Officer cadet says training not like movies
Air force training is not like the movie Top Gun, Blenheim officer cadet Corban Phillips laughs.
Days are spent with rigorous training in leadership, foot and sword drills, weapons training and defence and strategic studies. His nights are spent ironing his uniform.
The 20-year-old beat off hundreds of applicants across New Zealand and was one of only six cadets accepted for initial officer training at Base Woodbourne.
Phillips completes the course in three weeks then moves to Base Ohakea where he will undertake pilot training for two years before specialising in helicopter or fixed-wing flying.
A sense of adventure and undertaking a high level of training pushed Phillips towards a high-flying career.
"Flying is so much better than anything else," he said. "It is unlike any other job. You don't know what you are going to do the next day. Every day is an adventure. You could be flying over the slums of India and it would still look beautiful. That first initial rush of taking off right up until the view from the plane is amazing."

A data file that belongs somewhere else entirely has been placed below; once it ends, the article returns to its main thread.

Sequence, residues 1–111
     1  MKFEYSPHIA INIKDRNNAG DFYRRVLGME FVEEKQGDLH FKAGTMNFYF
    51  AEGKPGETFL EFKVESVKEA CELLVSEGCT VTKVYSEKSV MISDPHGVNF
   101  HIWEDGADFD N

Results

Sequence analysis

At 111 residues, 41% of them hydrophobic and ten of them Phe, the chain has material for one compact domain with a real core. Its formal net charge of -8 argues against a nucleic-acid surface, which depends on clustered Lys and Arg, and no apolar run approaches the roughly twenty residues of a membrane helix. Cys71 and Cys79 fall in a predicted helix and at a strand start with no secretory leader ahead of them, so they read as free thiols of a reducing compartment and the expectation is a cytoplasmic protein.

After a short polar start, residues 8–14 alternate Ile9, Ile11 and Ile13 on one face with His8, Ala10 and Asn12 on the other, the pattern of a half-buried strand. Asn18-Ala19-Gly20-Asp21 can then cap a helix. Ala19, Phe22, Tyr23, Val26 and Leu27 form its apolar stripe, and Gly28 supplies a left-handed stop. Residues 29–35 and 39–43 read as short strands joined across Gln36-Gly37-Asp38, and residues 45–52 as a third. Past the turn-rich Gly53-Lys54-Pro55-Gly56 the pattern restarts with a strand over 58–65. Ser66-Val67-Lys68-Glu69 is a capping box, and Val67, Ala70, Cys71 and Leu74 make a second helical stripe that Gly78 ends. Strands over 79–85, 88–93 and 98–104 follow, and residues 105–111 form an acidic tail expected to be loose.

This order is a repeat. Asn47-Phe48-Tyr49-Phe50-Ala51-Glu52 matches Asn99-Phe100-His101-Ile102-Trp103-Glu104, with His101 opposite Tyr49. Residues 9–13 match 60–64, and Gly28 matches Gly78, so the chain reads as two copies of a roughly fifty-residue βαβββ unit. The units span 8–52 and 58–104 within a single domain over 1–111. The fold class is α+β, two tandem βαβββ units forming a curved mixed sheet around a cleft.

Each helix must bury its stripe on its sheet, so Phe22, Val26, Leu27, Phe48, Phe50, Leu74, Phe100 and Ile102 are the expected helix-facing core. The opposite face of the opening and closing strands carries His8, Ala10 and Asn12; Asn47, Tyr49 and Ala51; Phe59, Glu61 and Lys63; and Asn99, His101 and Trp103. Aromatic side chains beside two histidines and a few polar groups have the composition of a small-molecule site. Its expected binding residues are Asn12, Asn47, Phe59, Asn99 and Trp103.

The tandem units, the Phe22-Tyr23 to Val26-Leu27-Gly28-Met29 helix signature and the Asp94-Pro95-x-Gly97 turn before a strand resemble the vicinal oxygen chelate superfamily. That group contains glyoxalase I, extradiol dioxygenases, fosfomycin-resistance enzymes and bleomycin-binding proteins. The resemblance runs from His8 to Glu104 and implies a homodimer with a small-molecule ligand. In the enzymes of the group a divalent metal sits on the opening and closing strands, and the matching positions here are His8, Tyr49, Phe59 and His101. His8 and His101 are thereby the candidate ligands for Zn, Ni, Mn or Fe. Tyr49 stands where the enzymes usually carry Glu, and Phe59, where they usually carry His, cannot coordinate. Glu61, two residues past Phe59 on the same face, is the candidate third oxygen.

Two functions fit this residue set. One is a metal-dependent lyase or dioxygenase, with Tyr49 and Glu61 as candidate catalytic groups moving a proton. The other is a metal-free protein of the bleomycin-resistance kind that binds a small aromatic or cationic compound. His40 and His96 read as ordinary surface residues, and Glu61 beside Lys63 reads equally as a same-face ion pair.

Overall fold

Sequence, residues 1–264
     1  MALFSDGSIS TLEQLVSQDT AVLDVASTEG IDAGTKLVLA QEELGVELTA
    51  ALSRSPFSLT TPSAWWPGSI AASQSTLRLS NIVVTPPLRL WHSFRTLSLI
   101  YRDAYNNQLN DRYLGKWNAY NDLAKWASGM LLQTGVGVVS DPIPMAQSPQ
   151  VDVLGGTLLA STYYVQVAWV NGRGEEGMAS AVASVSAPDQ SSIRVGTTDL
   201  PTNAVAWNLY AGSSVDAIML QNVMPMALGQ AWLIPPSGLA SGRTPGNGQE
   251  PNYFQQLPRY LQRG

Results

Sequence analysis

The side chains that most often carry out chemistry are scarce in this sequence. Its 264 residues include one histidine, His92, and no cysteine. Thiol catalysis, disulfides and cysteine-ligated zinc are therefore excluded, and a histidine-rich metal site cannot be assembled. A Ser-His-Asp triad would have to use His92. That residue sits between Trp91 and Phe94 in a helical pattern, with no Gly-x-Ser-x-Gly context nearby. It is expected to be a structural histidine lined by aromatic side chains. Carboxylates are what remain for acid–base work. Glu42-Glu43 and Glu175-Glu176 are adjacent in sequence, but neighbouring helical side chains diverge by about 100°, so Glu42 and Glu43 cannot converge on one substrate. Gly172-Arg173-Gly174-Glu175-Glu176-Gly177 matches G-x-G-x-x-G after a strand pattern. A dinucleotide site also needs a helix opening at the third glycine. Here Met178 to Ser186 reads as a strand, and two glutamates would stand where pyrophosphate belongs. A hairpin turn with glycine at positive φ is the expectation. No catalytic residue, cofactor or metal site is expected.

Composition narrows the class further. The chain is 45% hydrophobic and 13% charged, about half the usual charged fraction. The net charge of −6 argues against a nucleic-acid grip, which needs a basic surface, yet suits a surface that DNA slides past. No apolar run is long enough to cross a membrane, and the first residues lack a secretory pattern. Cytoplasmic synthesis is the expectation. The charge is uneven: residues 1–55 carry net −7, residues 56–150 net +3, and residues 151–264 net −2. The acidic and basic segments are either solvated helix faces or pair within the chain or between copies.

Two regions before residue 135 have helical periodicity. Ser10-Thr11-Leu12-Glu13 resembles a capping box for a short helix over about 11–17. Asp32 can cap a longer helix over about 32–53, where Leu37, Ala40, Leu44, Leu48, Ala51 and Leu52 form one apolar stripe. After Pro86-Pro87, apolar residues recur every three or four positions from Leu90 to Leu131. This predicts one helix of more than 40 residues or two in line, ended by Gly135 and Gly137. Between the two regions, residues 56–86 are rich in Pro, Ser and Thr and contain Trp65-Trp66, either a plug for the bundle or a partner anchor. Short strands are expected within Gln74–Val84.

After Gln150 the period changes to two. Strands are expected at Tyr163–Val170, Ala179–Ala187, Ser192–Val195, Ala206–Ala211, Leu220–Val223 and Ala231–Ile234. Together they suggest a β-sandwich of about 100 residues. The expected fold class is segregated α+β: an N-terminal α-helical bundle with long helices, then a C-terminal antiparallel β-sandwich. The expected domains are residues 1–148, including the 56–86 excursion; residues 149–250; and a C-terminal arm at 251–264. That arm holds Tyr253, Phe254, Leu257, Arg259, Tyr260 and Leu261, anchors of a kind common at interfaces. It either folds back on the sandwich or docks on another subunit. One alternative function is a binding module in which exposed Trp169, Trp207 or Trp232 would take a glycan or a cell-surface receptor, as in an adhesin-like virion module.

He was one of the participants in joint officer training at Base Woodbourne. The programme was the first of its kind, integrating instructors and trainee officers from the army, navy and air force in one seven-week course.
Phillips experienced a flight aboard a Hercules transport plane, was set adrift in a liferaft and had to endure a bush survival situation. He also learned to fire a pistol for the first time.
Training had been gruelling but didn't match Hollywood-inspired stereotypes, Phillips said.
"It is not what you see in the movies. You get woken in the early hours and spend nights ironing clothing. You get told off for the smallest piece of lint on clothing. They don't scream at you, they don't swear. You are still treated with respect. They make it clear you work to the best of your ability. It is not like Top Gun unfortunately."
The Marlborough Express